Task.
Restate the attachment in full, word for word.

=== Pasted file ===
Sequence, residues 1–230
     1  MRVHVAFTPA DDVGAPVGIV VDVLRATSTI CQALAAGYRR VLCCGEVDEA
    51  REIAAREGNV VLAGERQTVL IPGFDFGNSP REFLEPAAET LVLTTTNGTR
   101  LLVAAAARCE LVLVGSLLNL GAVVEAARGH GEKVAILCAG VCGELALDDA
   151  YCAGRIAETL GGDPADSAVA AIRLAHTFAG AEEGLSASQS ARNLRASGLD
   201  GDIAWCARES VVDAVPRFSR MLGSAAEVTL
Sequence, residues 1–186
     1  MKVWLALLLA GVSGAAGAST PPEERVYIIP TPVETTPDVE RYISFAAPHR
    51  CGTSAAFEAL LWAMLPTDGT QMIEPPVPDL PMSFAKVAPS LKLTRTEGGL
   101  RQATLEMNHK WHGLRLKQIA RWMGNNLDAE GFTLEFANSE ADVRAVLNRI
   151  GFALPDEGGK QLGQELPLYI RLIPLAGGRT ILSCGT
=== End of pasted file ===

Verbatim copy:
Sequence, residues 1–230
     1  MRVHVAFTPA DDVGAPVGIV VDVLRATSTI CQALAAGYRR VLCCGEVDEA
    51  REIAAREGNV VLAGERQTVL IPGFDFGNSP REFLEPAAET LVLTTTNGTR
   101  LLVAAAARCE LVLVGSLLNL GAVVEAARGH GEKVAILCAG VCGELALDDA
   151  YCAGRIAETL GGDPADSAVA AIRLAHTFAG AEEGLSASQS ARNLRASGLD
   201  GDIAWCARES VVDAVPRFSR MLGSAAEVTL
Sequence, residues 1–186
     1  MKVWLALLLA GVSGAAGAST PPEERVYIIP TPVETTPDVE RYISFAAPHR
    51  CGTSAAFEAL LWAMLPTDGT QMIEPPVPDL PMSFAKVAPS LKLTRTEGGL
   101  RQATLEMNHK WHGLRLKQIA RWMGNNLDAE GFTLEFANSE ADVRAVLNRI
   151  GFALPDEGGK QLGQELPLYI RLIPLAGGRT ILSCGT